On the Job

On the Road: Is It Worth It?

When technology rules and there are seemingly endless ways to keep in touch (or distract ourselves!), is meeting face to face less important? As I write this, my bags are packed, and I’m en route to Atlanta, where nearly 20,000 professionals from the architectural, engineering and construction industries will come together for the next three to four days. There will be hundreds of education sessions, evening events and opportunities to informally connect while we take over the city of Coke, CNN and inspiring leadership lessons from Martin Luther King, Jr. and President Jimmy Carter.

But do we really need to be physically together in the same space? We’ve got email, conference calls, video chat, Facebook, Instagram, and Twitter, to keep us connected in our homes and offices. We’ve also got commitments like jobs, families, friends, and budgets that make travel more challenging and increase the appeal of those electronic connections even more. And while all of that is true, and it is easier to keep in touch than ever, I absolutely think there’s still value in being face to face, and in the case of a large convention like this, being part of something bigger than yourself.

We so easily get bogged down in the day to day and promise to catch up with friends and colleagues later. But later keeps getting pushed further and further away as the urgent drowns out the important. Sure, the education and keynote sessions at a conference like this are great (I sure hope so, since Karen and I are leading one!), but the real magic happens between the attendees. Sure, that can be during a session, but it’s also in the hallway, during lunch, over a cocktail or two or even bumping into someone from the same conference out and about enjoying the host city. There’s something incredibly powerful in getting out from behind your desk and daily routine, and taking a moment to connect with someone else who does what you do and giving yourself permission to focus on your own growth for a minute or two.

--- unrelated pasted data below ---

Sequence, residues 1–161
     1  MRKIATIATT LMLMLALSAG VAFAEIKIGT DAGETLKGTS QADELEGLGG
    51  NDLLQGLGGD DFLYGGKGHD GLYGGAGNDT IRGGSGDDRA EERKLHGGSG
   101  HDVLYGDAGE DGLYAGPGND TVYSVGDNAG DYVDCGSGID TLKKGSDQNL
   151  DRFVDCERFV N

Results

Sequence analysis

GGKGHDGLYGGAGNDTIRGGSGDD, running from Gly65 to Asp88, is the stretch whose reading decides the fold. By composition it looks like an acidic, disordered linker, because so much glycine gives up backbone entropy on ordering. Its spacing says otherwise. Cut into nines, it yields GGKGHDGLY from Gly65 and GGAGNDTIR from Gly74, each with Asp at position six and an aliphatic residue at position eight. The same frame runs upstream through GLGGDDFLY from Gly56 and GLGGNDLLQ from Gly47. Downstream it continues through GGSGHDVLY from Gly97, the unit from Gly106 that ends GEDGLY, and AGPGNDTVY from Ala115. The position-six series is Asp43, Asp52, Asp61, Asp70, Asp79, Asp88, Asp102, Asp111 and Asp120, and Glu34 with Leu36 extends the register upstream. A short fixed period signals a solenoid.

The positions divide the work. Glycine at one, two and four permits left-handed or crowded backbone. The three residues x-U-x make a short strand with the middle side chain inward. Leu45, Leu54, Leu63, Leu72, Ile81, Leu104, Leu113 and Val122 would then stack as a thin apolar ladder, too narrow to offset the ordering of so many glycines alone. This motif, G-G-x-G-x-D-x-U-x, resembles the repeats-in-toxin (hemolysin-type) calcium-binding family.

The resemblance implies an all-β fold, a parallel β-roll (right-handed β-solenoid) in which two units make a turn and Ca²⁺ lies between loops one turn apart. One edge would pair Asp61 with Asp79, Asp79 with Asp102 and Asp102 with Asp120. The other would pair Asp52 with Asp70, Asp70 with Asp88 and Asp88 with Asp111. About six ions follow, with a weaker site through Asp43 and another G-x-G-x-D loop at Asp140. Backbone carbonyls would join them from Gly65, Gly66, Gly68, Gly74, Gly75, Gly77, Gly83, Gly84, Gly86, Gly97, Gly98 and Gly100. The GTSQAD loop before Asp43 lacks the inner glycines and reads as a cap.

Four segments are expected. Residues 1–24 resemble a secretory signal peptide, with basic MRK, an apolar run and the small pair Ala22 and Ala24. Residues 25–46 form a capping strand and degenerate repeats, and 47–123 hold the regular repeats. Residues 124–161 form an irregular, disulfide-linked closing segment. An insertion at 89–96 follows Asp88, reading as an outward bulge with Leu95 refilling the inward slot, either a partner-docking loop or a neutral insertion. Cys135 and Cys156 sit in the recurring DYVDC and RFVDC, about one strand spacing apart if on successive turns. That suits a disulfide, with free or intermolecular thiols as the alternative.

When is the last time you unplugged and met a friend, family member or colleague for some face time and did yourself a favor in the meantime?

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